One of the more interesting scenes in the TOUGH LOVE screenplay is when Vivian Kane, Denny Williams, and John Coffey spend an afternoon talking with Galaxy Coffee customers and employees.

For Vivian, the company cheerleader who thinks Galaxy can do wrong, hearing first-hand opinions of disillusioned customers and front-line employees changed how she views Galaxy Coffee.

While enjoying beers and conversation at the Tophill Pub, Vivian and Denny start talking about the practice of branding. Vivian’s approach to building a brand is unique and steeped deep in the Galaxy Coffee culture.

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July 13, 2010

TOUGH LOVE | No Business is Perfect

Vivian Kane is a principal character in the TOUGH LOVE screenplay. She has worked in the Galaxy Coffee marketing department for over a decade and the Galaxy Coffee company culture runs through her veins. She’s a company cheerleader all the way.

There’s a scene in TOUGH LOVE where Vivian chides a former employee, Denny Williams, for criticizing the actions of Galaxy Coffee. Denny responds back that no business is perfect and the reason he is giving the company “tough love” is because he still loves the company.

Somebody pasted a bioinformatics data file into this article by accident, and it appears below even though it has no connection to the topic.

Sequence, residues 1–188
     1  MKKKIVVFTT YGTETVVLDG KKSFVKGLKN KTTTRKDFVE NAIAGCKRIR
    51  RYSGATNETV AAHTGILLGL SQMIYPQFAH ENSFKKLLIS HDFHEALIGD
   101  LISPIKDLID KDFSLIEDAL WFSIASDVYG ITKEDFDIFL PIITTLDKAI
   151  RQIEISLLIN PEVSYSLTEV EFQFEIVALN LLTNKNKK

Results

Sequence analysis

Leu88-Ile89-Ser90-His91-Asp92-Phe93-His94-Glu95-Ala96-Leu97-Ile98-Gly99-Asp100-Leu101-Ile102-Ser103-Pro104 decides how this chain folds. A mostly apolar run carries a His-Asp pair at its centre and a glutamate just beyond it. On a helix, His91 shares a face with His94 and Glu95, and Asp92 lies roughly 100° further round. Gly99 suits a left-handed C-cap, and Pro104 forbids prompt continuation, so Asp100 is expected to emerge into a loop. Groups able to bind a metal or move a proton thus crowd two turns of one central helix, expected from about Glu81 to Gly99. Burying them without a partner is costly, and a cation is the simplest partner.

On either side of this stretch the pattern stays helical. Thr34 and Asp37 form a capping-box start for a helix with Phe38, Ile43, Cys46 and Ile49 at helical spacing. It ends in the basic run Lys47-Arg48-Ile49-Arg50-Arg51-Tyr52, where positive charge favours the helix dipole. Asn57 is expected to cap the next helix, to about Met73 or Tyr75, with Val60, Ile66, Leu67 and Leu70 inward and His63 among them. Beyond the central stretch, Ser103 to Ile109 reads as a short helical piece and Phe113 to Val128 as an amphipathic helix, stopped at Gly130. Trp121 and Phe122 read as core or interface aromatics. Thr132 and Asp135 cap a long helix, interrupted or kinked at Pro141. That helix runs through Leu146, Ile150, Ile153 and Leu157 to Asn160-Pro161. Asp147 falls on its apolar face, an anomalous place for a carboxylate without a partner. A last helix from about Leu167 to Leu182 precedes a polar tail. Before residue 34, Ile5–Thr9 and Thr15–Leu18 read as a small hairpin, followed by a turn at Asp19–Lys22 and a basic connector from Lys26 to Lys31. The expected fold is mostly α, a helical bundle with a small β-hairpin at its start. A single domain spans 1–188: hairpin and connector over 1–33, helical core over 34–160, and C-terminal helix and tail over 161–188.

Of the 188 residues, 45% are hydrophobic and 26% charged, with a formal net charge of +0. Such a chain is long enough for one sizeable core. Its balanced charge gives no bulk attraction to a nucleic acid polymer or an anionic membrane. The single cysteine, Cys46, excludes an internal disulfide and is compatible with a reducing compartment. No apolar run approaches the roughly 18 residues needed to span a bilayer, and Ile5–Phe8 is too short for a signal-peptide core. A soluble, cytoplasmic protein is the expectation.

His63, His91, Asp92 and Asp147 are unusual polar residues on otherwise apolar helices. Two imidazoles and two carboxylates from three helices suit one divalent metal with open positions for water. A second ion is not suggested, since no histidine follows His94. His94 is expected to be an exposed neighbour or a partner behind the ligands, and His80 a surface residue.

The idea of “no business is perfect” is a theme we’ve discussed before on the Brand Autopsy blog. It’s also discussed in the Marketer’s Notes section at the end of the TOUGH LOVE screenplay. Here’s a snippet from the business lessons section of the script:

#13 | Marketer's Notes -- "No business is perfect."

Let’s face it, no business is perfect. NONE. Business is a game of progress, not perfection. No business will be perfect. It's an impossibly unattainable goal. But while that goal is unattainable, the most endearing and enduring businesses seem to always aspire to reach perfection. They always make progressive steps to improve their business and how their business connects with people. Sure, they will stumble along the way. But the true measure of a company is how it recovers and forges ahead making progress along the way to overcome its mistakes.

source: Business Lesson #13 from TOUGH LOVE
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July 12, 2010

You know you have a great marketing idea when...

In SAVE THE CAT! STRIKES BACK, Blake Snyder, accomplished screenwriter, shares “seven warnings signs” a writer has a great idea for a screenplay. It’s a good list and with a little massaging, Blake’s list also works for marketers. Here's my twist on Blake's list:

You know you have a great marketing idea when...

#1. You love talking about the idea with anyone, anywhere.

#2. You have no fear someone will steal your idea.